The Case for Naming Poverty an Adverse Childhood Experience

News | April 26, 2018


Adam Zolotor, MD, DrPH
Publisher, North Carolina Medical Journal

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Media Release


Morrisville, NC (April 26, 2018)

More than one in five North Carolina children experience poverty, which can lead to a higher likelihood of incarceration and exposure to violence later in life. Children who grow up without enough food or shelter are also less likely to be employed and less likely to have health insurance. All of which are reasons to consider poverty an adverse childhood experience (ACE), write Michelle Hughes and Whitney Tucker of NC Child in the current issue of the North Carolina Medical Journal.


“Poverty can really be seen as an epidemic-level issue,” said Tucker, “but it is never really tackled directly as a central problem that's affecting our kids.”


Research shows that growing up and living in poverty is a stressful experience for children, having a similar effect as other ACEs like divorce and substance abuse and mental illness in the home. ACEs can create an environment that is so consistently stressful, children's brains release chemicals like cortisol to help them cope with that stress, putting them in a perpetual state of hyper-vigilance. Unstable housing, not having enough to eat, and other symptoms of poverty can have similar effects, argue Tucker and Hughes.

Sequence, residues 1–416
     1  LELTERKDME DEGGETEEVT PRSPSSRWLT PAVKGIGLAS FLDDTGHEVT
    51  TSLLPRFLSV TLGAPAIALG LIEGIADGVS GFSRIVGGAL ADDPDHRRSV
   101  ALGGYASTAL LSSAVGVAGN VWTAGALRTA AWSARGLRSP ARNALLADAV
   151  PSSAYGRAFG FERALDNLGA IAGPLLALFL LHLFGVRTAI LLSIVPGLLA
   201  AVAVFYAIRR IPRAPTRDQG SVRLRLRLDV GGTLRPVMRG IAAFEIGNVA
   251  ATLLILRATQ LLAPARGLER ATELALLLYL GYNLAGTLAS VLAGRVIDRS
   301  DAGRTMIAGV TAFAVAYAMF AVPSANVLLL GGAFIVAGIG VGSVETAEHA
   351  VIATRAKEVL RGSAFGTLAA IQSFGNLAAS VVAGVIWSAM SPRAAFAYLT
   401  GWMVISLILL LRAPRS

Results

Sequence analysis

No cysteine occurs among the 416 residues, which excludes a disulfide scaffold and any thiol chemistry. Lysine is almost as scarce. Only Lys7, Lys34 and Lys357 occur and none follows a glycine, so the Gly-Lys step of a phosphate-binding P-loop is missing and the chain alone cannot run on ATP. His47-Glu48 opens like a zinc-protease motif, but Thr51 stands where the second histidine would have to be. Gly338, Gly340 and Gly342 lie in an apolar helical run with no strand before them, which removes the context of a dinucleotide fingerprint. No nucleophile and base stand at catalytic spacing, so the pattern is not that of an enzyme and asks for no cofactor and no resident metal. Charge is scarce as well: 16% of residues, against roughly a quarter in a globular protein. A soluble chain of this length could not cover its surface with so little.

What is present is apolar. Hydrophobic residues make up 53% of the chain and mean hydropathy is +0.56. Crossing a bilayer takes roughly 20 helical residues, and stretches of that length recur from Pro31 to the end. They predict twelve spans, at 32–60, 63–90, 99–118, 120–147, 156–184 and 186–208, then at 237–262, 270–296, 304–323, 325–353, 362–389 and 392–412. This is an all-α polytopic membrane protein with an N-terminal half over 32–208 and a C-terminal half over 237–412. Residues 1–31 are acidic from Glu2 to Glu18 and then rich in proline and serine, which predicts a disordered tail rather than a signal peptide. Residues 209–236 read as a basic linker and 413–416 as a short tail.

“Kids get into survival mode and can't get out of it,” said Hughes. “Over time, this impacts the way the brain is wired and actually functions.”


NC Child, a statewide child advocacy organization, makes four recommendations for addressing poverty as an ACE. These include: Investing in quality early education, including high-quality child care for kids under the age of 5; strengthening and streamlining supports for families such as the Supplemental Nutrition Assistance Program (SNAP); enacting refundable tax credits such as the Earned Income Tax Credit for working families; and closing the Medicaid coverage gap for families who are ineligible but cannot afford private health insurance.


“North Carolina must begin to address child poverty as an ACE and a public health emergency,” write Hughes and Tucker. “Proven public policy tools exist...The state should make haste to employ them so that every child in North Carolina has a chance to reach their full potential.”


To read the full article, “Poverty as an Adverse Childhood Experience,” by Michelle Hughes and Whitney Tucker, as well as other NCMJ articles, visit



The North Carolina Medical Journal is a journal of health policy analysis and debate co-published by the North Carolina Institute of Medicine and The Duke Endowment. The NCMJ publishes six issues per year. To learn and read more, visit